Bloomfield Health

The Importance of Addressing Mental Health in the Workplace


Dr Alister Baird


28 Aug 2023

This simplistic view fails to consider how promoting healthy mental health can permeate through a company and foster a culture of respect, care, and mutual support in which employees feel that their company seriously values their contributions and them as a part of the collective, not just as a mechanism to increase their bottom line. The far reaching implications of the company culture are not easily captured, but recent research has shown that employees who feel valued by their companies experience higher job satisfaction, resulting in better performance and happiness (Sari et al., 2021).

The Importance of Addressing Mental Health in the Workplace

In recent times, the world has witnessed a significant surge in mental health issues, particularly in the context of the workplace. A recent article ( sheds light on the UK government's concerns and proposed strategies to address this pressing issue.

A Rising Concern

Chancellor Jeremy Hunt has expressed his intention to address the increasing number of individuals unable to work due to long-term mental health issues in his upcoming Autumn Statement. The goal is to retain these individuals in their jobs and reduce their dependence on benefits. The Covid pandemic has exacerbated the situation, leading to a spike in such cases, which in turn has intensified labour shortages and increased the expenditure on health and disability benefits. Mel Stride, the work and pensions secretary, is spearheading an initiative to reintegrate more people into the workforce. This includes potential tax breaks and subsidies for workplace occupational health services. There's also a call for a comprehensive system overhaul, including modifications to the issuance of sick notes by doctors. The aim is to motivate general practitioners to recommend work-related support schemes as part of their patients' treatment plans.

Economic Implications

The economic repercussions of this issue are profound. The Office for Budget Responsibility disclosed that the rise in health-related economic inactivity has been costing the government an additional £16 billion annually since the pandemic's onset. This amount comprises both increased welfare spending and lost tax revenues. Currently, around 2.6 million people are economically inactive due to prolonged illness, marking a 23% increase over the past decade. The expenditure on sickness and disability benefits is projected to escalate from £53 billion to £69 billion by 2027.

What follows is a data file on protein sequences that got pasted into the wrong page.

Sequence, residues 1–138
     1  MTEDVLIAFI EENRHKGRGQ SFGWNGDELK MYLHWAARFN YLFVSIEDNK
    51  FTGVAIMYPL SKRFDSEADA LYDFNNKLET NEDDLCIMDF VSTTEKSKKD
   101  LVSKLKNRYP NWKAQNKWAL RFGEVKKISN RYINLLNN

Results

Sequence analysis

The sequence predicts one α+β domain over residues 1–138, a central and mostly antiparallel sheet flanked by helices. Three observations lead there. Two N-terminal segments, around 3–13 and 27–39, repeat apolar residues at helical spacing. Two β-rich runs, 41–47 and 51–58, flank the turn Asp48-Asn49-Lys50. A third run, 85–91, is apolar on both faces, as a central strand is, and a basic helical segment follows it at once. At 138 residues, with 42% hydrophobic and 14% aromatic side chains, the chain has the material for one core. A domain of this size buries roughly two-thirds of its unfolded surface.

Mental Health Statistics

Recent data from the ONS revealed that over 1.35 million individuals, which constitutes 53% of those inactive due to long-term sickness, reported experiencing depression, anxiety, or bad nerves in the initial three months of 2023. However, the majority identified it as a secondary health condition. Furthermore, NHS data indicates a substantial rise in the number of "fit notes" issued by GPs over the past few years, with mental and behavioural disorders being the predominant diagnosis.

The Need for Proactive Measures

Experts in the field, like Andy Bell, the CEO of the Centre for Mental Health, emphasize the compounded impact of current economic challenges and the traumas of the pandemic, leading to heightened distress levels in the population. There's a pressing need for financial incentives for companies to bolster mental health support for their employees, establish comprehensive waiting time standards analogous to those for physical health, expand the mental health workforce, and introduce a more adaptable sick-pay system

The Bigger Picture

Sir Norman Lamb, chair of the South London and Maudsley NHS Foundation Trust, underscores the often overlooked contribution of mental health to the productivity dilemma and the decline in labour market participation post-pandemic. He advocates for a significant commitment towards preventive services rather than solely focusing on crisis-end mental health services.

The Imperative of Investing in Employee Mental Health

It's undeniable that companies must prioritize investing in their employees' mental well-being. According to the World Health Organization, depression and anxiety alone cost the global economy an estimated $1 trillion per year in lost productivity. Furthermore, for every $1 invested in scaling up treatment for common mental disorders, there's a return of $4 in improved health and productivity.

Addressing mental health in the workplace is not just a moral obligation but also an economic necessity. Companies that invest in mental health programs and support are likely to see not only enhanced employee well-being but also improved productivity and reduced absenteeism. More importantly, fostering a company culture of mutual respect and care can increase employee satisfaction, improving corporate productivity as a consequence.

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